Because everything has a geography, we learn of new uses for points of interest data everyday. But five use cases for places data do come up more than often than others. While far from exhaustive, here’s a breakdown of the primary roles that POIs play in driving key analyses across five sectors of business.
At the risk of using a convoluted term here, we’ll refer to companies with a direct focus on mapping products in the geospatial industry. Think of the mapping applications you use on your phone to find a gas station or coffee shop. The goal is to “know where things are” and update information about those things. If a store name changes or a place goes out of business, clients of mapping companies, whether individual users or enterprise clients, will want to know about it. Analyses are often performed on the data but the main goal always begins with knowing the location of as many places on Earth as possible.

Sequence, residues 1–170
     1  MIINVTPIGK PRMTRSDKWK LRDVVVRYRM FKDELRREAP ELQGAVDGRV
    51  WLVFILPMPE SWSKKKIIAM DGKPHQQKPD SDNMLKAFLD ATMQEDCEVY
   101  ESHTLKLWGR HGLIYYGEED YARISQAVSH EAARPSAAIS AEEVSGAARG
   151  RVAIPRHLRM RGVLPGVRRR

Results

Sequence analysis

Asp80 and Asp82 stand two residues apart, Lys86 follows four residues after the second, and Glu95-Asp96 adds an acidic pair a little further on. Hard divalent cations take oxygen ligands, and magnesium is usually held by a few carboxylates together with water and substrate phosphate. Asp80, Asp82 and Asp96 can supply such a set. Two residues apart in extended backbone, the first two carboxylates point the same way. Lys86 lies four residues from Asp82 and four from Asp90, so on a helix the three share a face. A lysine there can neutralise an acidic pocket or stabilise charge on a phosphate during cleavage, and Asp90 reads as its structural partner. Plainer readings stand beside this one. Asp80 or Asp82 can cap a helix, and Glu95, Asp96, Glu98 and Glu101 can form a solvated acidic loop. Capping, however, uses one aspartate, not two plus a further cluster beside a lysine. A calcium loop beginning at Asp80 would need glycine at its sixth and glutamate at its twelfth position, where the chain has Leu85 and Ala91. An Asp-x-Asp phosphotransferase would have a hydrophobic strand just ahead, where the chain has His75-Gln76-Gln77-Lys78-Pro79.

Real estate firms want to know how patterns in peoples’ movement and the presence (or lack thereof) of certain businesses can act as proxies for growth in a given region. The classic example here is following certain brands’ physical expansion into new neighborhoods, the logic being that as popular brand A arrives, their target demographic inevitably follows. These sorts of analyses can be performed with points of interest data in both positive and negative scenarios, allowing real estate professionals to also identify areas to hold off on investing in for the time being.
The consumer packaged goods space covers everything from cookies to paper towels and beyond. Often we see among CPG brands a desire to more accurately identify and predict their total addressable market. This is the hypothetical denominator of all businesses that could carry a given product. Reaching this figure and expressing it spatially allows companies to better focus their expansion efforts at scale. CPG firms can also use points of interest data at a much more granular level to plan out expansion within a given city; for example, a candy company looking to sell into convenience stores in Chicago starts by identifying clusters of corner stores from neighborhood to neighborhood.